Posted by T. Greg Doucette on Mar 31, 2010 in The 1L Life

Fall semester of your 2L year at the N.C. Central University School of Law is when students get to take their first batch of elective courses.

In general they also end up choosing between two different “tracks” of classes, taking Evidence and Constitutional Law together or taking Business Associations and Federal Income Tax together.1

Classes for 2L Fall

Given my affinity for mock trial, I decided to go the Evidence+ConLaw route so I’m better prepared for competition next year :angel:

That left me with ~3 elective spots to fill in. In an effort to get as many required courses knocked out as early as possible — so I can spend 3L year studying stuff I enjoy — I decided to sign up for both Decedents’ Estates I and Legal Letters.

Honestly, I’m not looking forward to DE. When I worked for the Wake County Clerk’s Office back in 2003/2004, my office was on the 12th floor of the Courthouse on the edge of the Wills & Estates section. It was a very drab and somber atmosphere since it pretty much exclusively deals with… well… dead folks and their stuff. I know it’s an important area of the law but seeing folks in tears while trying to partition a loved one’s property isn’t really my cup of tea :beatup:

Not sure what to think about Legal Letters. From the course description it deals with crafting demand letters, responses and such, which was one of the things I did as a paralegal. Hopefully that means it’ll be easy, but also probably as exciting as watching grass grow :(

So my only “true” elective is Domestic Violence Law. One of the 3Ls I frequently hit up for advice suggested avoiding the class because it gets very intense/emotional. But if I’m going to make a living throwing people in prison, I figure I should start delving into the intense/emotional stuff sooner rather than later.2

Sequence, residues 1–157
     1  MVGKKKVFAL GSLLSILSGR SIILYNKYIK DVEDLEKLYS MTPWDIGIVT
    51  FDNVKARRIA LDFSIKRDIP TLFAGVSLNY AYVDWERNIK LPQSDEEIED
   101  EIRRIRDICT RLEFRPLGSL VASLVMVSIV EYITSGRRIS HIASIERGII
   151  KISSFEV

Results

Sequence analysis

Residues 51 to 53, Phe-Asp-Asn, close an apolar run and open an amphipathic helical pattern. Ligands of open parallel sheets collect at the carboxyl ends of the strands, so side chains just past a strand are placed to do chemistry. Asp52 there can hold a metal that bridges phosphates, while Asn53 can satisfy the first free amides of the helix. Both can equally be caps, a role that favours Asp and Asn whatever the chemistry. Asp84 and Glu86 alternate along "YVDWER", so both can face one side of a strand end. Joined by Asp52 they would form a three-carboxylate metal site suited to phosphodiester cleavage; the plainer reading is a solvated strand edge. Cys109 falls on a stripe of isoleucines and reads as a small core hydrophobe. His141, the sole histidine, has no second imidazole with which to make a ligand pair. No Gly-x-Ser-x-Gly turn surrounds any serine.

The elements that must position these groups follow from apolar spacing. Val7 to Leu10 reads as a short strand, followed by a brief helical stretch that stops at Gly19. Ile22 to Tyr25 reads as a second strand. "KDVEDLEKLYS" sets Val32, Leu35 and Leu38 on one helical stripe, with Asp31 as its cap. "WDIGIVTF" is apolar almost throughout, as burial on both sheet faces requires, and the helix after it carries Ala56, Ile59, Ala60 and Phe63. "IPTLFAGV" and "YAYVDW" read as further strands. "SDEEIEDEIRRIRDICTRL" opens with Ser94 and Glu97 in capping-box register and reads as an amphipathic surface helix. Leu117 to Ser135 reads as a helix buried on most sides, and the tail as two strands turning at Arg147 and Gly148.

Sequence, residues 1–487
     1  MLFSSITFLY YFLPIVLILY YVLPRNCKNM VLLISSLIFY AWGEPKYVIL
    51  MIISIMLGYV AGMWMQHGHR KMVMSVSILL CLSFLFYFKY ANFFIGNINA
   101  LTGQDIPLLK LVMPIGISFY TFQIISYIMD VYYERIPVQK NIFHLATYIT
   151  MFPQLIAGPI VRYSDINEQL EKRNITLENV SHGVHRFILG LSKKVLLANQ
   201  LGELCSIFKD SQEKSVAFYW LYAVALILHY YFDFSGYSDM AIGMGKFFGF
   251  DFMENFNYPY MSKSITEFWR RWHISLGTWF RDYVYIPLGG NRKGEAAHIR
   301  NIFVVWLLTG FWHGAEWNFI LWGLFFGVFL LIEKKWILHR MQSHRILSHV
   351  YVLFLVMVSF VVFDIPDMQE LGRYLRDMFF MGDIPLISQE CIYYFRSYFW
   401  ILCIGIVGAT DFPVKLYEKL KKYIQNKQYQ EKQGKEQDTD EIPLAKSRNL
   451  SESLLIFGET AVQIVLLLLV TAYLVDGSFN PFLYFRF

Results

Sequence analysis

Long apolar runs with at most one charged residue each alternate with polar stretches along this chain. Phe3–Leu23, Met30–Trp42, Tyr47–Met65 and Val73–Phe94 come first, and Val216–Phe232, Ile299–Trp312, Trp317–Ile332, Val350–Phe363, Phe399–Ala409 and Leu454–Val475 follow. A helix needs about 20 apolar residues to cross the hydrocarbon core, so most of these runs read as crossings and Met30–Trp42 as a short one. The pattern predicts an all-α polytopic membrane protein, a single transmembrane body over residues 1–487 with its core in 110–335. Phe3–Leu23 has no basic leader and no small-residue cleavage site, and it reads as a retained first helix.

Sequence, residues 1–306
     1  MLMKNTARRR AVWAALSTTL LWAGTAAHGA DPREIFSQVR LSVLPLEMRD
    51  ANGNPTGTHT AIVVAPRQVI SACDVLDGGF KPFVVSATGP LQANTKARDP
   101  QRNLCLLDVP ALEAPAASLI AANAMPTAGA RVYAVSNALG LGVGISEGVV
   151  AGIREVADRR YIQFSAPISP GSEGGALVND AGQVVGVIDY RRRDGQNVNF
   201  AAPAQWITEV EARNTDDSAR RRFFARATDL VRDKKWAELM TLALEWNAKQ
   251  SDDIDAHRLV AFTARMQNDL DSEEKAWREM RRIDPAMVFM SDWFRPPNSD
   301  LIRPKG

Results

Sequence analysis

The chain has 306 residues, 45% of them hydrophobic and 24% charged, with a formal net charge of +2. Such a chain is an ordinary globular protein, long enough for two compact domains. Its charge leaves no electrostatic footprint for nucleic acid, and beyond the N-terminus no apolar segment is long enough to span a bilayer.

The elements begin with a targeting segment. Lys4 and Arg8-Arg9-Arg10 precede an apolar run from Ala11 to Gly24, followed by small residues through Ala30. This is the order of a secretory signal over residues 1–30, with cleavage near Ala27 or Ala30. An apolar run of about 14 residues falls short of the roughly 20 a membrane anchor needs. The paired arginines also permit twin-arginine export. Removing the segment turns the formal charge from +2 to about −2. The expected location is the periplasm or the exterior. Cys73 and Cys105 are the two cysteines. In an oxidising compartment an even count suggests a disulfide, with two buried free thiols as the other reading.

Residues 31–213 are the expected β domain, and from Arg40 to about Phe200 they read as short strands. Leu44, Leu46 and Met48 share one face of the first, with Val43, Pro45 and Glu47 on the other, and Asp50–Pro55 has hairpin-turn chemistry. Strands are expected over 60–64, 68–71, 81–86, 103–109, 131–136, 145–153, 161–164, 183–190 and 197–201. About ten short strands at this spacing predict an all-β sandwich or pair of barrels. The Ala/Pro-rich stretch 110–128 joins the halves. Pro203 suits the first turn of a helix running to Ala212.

Beyond the actual classes I’m taking though, do you know the highlight of this semester? The one perk that outshines all others?

No Friday classes! :D

I’m looking forward to having a 3-day weekend every single week of the year. Haven’t had a class schedule like this in years :)

That’s it from me tonight, have a great evening everybody!! :D


From the archives –

  1. On an unrelated side note, how sad is it that our tax code is so complex you can teach an entire law course on it? :crack: []
  2. And my preexisting philosophy on people who commit domestic violence is to strap their ass to a chair and flip the switch. I doubt the course will change that. []

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A preview of Spring 2010

Posted by T. Greg Doucette on Jan 11, 2010 in The 1L Life

First day of classes ended a couple hours ago :) So I’m currently hanging out in the Fishbowl waiting for 1L Trial Team practice to start @ 12pm and then the Client Counseling Competition to start @ 4pm.

My schedule for Spring 2010

NCCU Law schedules the 1L Spring semester so it’s more intense than the Fall.  The number of credit hours only goes up by 1 (from 14 to 15) but we tack on a 6th class — and the difference in workload between a 2-credit class and a 3-credit class is negligible.

But even with the added work, and even though last semester’s grades were an unmitigated disaster (more on those in an upcoming post), I’m cautiously optimistic about how things are going to turn out.

Several of the 2Ls and 3Ls I hit up for advice have favorably compared Professor CrimLaw to MDG: sardonic wit, merciless grader, excellent instructor.  And now that we’ve covered service and jurisdiction in CivPro, MDG will finally be teaching us the nuts and bolts there too; we’re starting with the Erie Doctrine this week, then delving into the complaint and other pleadings.  Plus I’ll have a chance to start fresh in Ks… and hopefully figure out wtf is going on this time :beatup:

Off to practice.  Have a great day everybody! :D